Statues: The People They Salute-Dr. Mary Edwards Walker

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I have got to die before people will know who I am and what I have done. It is a shame that people who lead reforms in this world are not appreciated until after they are dead; then the world pays its tributes.”

Those words are inscribed on one side of a lectern which is part of the statue that was dedicated to Mary Edwards Walker in Oswego, New York in 2012. The subject of the statue who had expressed those sentiments was born in Oswego, New York in 1832. Apparently, she knew she was a woman ahead of her time.

Mary Edwards Walker became a medical doctor at a time when few women were doctors, and she offered her medical services to the Union Army at the onset of the Civil War. Because Dr. Mary was a woman, her services were not welcomed, but she saw the desperate need for doctors, and she would not retreat. She continued to work in the field hospitals without recognition — without pay.

Mary’s style of dress did not make it any easier for her to be accepted. She wore a modified blue Union uniform—pants with gold stripes and a felt hat encircled by a golden cord, and the green sash of a surgeon. Mary dressed as she did because it was practical and healthful. Why should a woman drag heavy skirts through the dirt? Why should a woman’s breathing be compromised by a corset? She could perform her duties more effectively dressed comfortably.

Mary’s perseverance eventually earned her a commission as an assistant army surgeon. Dr. Mary Walker treated Confederate civilians and Union soldiers. While behind enemy lines, she was imprisoned by the Confederate army. Was Mary a spy? There are many unanswered questions regarding this issue. Mary was awarded the Medal of Honor at the end of the Civil War for meritorious services. She was the first, and only woman ever to receive the Medal of Honor. Was spying among these services?

Months of volunteer services turned into years, and on April 10, 1864, after taking a wrong turn, while on an expedition to aid destitute Confederate civilians, Dr. Mary Edwards Walker was taken prisoner by the Confederate forces. Mary’s medical expeditions were suspected of being spy missions.

There is controversy surrounding the spy theory. One account states that Mary offered General George Thomas her services as a spy, perhaps in an attempt to receive a commission as an assistant surgeon. Mary’s travel behind enemy lines to aid ailing civilians did expose her to information that might be helpful to the Union Army, but there is no actual proof that she was a spy.

Mary was imprisoned in a Confederate prison in Richmond, Virginia until August 12, 1864, when she was released in exchange for a southern officer, with the rank of major. Mary, who was five feet tall, was proud to add during her many lectures of her Civil War experiences following the war, that the officer she had been exchanged for was “six feet tall!” Mary Edwards Walker would have loved that the statue dedicated to her was a 6-foot-tall replica!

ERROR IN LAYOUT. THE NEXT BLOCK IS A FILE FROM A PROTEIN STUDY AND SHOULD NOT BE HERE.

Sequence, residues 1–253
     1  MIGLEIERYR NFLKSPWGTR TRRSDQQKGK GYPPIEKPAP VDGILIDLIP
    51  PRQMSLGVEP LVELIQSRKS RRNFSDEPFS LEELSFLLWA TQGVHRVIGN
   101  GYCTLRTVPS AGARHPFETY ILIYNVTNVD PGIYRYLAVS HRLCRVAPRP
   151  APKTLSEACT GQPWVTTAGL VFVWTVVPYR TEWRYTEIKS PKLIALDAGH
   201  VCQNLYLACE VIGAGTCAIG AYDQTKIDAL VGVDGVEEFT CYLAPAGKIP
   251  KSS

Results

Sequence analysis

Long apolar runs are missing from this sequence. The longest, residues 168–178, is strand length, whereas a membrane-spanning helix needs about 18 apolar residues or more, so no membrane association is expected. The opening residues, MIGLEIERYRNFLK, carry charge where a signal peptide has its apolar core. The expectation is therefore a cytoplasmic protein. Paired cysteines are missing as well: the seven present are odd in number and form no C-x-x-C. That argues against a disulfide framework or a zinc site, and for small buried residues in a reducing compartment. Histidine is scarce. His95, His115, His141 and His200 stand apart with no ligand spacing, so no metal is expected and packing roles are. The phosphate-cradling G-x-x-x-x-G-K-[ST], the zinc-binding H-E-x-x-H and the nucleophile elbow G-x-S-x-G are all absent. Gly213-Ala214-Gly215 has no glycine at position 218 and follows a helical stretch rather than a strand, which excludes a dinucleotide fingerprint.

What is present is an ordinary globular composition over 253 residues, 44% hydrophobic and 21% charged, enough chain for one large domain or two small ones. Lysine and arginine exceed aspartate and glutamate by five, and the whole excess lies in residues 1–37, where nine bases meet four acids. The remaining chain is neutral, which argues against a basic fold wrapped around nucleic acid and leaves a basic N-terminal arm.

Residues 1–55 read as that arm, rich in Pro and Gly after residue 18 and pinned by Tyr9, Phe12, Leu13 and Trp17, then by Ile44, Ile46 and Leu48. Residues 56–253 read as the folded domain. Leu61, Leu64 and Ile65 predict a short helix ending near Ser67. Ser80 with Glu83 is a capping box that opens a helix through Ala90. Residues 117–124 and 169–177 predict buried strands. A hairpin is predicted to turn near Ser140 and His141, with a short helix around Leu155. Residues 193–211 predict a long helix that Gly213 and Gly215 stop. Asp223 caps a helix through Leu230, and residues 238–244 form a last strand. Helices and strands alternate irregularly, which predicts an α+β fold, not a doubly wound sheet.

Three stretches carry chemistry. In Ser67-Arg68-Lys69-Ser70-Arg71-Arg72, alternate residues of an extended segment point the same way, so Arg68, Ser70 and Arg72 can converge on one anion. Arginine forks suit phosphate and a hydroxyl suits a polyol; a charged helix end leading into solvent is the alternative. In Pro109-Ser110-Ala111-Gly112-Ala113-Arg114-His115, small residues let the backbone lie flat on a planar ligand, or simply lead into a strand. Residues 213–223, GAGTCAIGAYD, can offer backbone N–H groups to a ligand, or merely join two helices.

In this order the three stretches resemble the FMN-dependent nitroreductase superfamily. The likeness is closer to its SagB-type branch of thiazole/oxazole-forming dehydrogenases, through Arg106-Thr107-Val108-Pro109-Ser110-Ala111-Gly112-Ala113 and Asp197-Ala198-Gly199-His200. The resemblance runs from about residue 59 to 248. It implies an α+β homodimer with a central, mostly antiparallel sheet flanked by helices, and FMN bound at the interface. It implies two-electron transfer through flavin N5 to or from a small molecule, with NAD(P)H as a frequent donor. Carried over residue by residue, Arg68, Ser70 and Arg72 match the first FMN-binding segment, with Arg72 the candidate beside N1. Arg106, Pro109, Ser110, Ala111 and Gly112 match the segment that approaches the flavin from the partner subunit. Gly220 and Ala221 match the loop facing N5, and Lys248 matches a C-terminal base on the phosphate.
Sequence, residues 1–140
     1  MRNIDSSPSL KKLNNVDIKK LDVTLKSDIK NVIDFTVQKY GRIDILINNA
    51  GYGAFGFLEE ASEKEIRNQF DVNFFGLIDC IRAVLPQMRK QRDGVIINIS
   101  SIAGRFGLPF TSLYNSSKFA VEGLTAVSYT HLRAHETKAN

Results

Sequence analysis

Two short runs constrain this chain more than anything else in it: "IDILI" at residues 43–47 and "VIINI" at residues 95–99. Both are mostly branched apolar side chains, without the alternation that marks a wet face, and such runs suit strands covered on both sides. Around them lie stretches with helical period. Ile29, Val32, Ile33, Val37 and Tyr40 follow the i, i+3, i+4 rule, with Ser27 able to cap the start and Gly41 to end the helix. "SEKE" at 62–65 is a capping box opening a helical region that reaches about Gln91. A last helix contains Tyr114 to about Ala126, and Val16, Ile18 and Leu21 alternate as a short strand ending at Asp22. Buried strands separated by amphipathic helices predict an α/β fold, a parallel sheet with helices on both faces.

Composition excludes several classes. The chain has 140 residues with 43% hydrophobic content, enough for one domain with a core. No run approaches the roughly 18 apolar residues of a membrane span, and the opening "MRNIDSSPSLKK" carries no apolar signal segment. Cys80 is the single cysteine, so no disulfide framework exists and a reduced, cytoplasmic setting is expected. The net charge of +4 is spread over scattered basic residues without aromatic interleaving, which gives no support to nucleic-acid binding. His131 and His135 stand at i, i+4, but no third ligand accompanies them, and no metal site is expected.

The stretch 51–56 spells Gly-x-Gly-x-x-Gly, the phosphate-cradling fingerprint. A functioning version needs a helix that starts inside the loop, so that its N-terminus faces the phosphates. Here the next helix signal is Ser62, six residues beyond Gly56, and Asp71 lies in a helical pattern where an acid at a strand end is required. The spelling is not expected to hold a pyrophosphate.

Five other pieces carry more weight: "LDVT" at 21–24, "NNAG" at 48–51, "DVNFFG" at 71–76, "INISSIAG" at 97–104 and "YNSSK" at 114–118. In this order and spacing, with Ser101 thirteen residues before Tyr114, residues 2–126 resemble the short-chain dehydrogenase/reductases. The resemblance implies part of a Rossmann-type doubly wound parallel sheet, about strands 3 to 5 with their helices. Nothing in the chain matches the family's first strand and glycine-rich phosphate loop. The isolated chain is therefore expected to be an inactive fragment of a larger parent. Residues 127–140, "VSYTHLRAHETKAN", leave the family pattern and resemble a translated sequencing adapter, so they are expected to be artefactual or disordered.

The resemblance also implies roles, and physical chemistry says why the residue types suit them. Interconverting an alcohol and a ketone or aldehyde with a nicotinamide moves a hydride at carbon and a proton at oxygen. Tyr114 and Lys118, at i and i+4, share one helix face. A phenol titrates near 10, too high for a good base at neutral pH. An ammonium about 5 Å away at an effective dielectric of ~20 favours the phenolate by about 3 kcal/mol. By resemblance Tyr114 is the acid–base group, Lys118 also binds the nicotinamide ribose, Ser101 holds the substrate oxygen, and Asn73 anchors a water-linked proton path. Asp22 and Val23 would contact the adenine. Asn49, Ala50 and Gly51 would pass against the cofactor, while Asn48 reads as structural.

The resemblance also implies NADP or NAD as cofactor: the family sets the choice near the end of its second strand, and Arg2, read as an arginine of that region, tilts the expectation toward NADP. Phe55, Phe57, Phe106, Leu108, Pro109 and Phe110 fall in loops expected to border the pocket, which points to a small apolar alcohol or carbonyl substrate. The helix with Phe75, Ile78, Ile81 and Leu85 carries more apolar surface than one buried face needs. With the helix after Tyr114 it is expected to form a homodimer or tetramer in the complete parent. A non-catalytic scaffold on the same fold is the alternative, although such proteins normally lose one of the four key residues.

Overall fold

Mary’s strong will kept her on the battlefield of public opinion long after the Civil War had ended. She refused to wear a corset or the heavy skirts of the day because she believed that they were unhealthful. She also believed that women should be educated. Dr. Mary Walker wore pants, and thought women had the right to vote.

Dr. Mary Walker spoke out for women’s rights on the same platforms as Susan B. Anthony and Elizabeth Cady Stanton, but she did not support the nineteenth amendment. “Why do we need an amendment for a right we already have? Doesn’t ‘We the people’ include women?”

Mary wrote and distributed to members of congress her CROWNING CONSTITUTIONAL ARGUMENT, which was a comprehensive statement explaining her approach to women’s suffrage and the reasons why the nineteenth amendment was not needed. Mary’s lack of support for the nineteenth amendment alienated her from the Women’s Suffrage Association , but it did not keep her from speaking out for women’s rights and dress reform.

As Mary grew older, her style of dress became even more unconventional. She began to wear man-tailored suits, and she even wore a top hat on occasion. In 1917 the United States’ government rescinded her Medal of Honor, and 910 others. However, Dr. Mary Walker continued to wear her medal proudly and never returned it.

Dr. Mary Walker was a woman ahead of her times. Her once controversial views on dress reform and women’s rights are now mainstream views. In 1977 the U.S. Congress and President Carter reinstated Dr. Mary Walker’s medal. The 6-foot-tall replica of Dr. Mary is wearing it proudly. 

There is much more than a few paragraphs to be said about Dr. Mary Edwards Walker. She is an overlooked champion of women’s rights, but that is not all she is. She was a person that stood up for what she believed in, and she refused to sit down—even when people tried to push her down.

Return to Table of Contents for links to more statues in the National Statuary Hall Collection

Diana Erbio is a freelance writer and author of “Coming to America: A Girl Struggles to Find her Way in a New World”. Read more in her series Statues: The People They Salute, at www.dianaerbio.wordpress.com/blog and visit the Facebook Page.

 

 

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